This guest post is written by Tammi Kibler.
The recent addition of LinkedIn to the mix of social media considered when calculating a Klout score has left many wondering about Klout, how to raise your score, and whether it matters after all.
Have you heard of Klout? Do you know your score? As more and more marketing professionals look for ways to measure and manipulate influence online, Klout is emerging as a force too big to be ignored.
Very soon after Twitter’s introduction, it became obvious that you should not judge a Twitter user by the number of followers she has. Klout aims to fill that judgment gap by assessing not only the number of followers a user has, but also the level of interaction, the quality of the followers, and the quality of the followers’ interactions.
Klout added Facebook to its algorithm in October 2010 and recently added Linkedin too.
Why should you care about Klout?
Klout is becoming that thing by which you will be judged in social media.
On HootSuite, your Klout score appears on your Twitter profile whether you have logged into Klout or not. Some Twitter users don’t follow anyone with less than a 40; I imagine some users have a higher cut-off value. Klout Perks and other marketing services are reaching out to introduce new products via so-called “influencers.” When choosing with whom to align themselves, more and more companies are considering your Klout score.
You could be the CEO of a large company, but some who see you have a Klout score of 19 will think less of your potential influence. Even people who think they do not care about these scores can fall under their sway when faced with these numbers on profiles.
Personally, I prefer to think of Klout as potential social media influence.
Obviously, if you have no followers on Twitter, you are not influencing anyone there (though you may be a large influence outside social media). The user with 2000 followers has a better chance of saying something that triggers a response. If you have low quality followers, who always broadcast and never retweet, then your potential to influence others is lower than that of the guy who has 2000 active users who @reply and retweet his broadcasts.
However, like any algorithm, once people start gaming the system, you may find it hard to lend much credence to the findings. For now, with so many already judging you by your Klout, raising your score should be foremost on your mind.
How to raise your Klout score
These tips will help you increase your klout score and your online influence:
1. Connect all your social media accounts.
Klout lets you add your Facebook and LinkedIn accounts to the Twitter statistics they already collect; make sure that you do.
If you don’t show Klout your presence in these arenas, then as far as Klout can see, you have no influence there.
2. Talk/Tweet/Post updates.
You have to be active to prove you can influence others. If you don’t talk, nobody is listening. Strive to post something to each stream, each day.
3. Reply to people on Twitter using replies.
Show Klout you know how to have back-and-forth conversations with a variety of people. Klout evaluates how many @tweets you send as well as how many different users you message directly.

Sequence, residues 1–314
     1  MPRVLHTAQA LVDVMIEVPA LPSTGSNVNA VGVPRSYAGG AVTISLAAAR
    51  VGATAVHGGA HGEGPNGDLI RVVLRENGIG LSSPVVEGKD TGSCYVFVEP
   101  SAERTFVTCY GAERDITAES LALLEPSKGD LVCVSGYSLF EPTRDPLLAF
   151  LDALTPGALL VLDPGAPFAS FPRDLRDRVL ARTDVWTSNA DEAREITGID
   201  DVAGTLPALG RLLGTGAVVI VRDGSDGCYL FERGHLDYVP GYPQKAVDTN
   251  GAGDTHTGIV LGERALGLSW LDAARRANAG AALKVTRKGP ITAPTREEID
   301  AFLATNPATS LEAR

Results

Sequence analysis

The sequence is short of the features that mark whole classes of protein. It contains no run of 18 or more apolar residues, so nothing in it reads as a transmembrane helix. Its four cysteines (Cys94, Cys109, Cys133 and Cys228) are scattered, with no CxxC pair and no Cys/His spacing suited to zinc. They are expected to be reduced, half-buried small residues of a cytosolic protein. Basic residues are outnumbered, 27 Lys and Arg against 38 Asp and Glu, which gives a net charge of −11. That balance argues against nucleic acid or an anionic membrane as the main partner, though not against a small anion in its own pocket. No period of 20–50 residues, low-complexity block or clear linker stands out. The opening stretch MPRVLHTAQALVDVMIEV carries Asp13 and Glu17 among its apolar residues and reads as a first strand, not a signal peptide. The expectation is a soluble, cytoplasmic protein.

Do unto others as you wish done unto you, eh? Help other people spread their messages and they will help spread yours. Again, Klout measures when your messages are being retweeted and by how many different users.
Encourage this behavior by retweeting good tweets. You should also share and interact on Facebook and LinkedIn. Spread the love around.
5. Study your analytics.
Content is king and therefore key to spreading your brand (and trust me, if you have a thumbnail and a Twitter handle, you are a brand).
You have to know what information triggers a response in your audience and give them more of that. Tracking simple analytical data can guide you to more effective communication on all your platforms. (That is, if you care about Klout, how to raise your score and all that.)
6. Cross-promote your platforms.
If you have a Facebook page, invite visitors to follow you on Twitter. Make sure folks on LinkedIn know about your Facebook page. This may feel redundant, but the more ways you connect with a follower, the more opportunities you get to engage with that follower.
More engagement equals more influence in Klout’s opinion.
7. Grow your social media followings.
Yes, Klout measures a lot more, but your total followers counts still form the basis of the assessment. The more people listening to you, the more influence you are perceived to wield.
Find ways to spread your message to more people and grow your influence.
Is Klout a game?
If you do all these things and raise your score, some people might suggest you are gaming the system. I don’t agree. I think understanding the rules and then playing by them will help you succeed. Everything on this list not only increases your Klout score, but also builds your brand and grows your contacts. That spells a social media win/win/win to me.
I should also point out that Klout is not the only game in town. Empire Avenue runs a social influence stock market game and My Likes lets you monetize your Twitter stream. The more criticism we see of these metrics, the more we can expect new competitors will arise claiming to better measure and master online influence.
Like Google and other algorithms, Klout is always evolving to better interpret the data it finds. I would love to hear what you think of this system. Do you know of any factors it considers that I overlooked? Do you judge others by their Klout scores?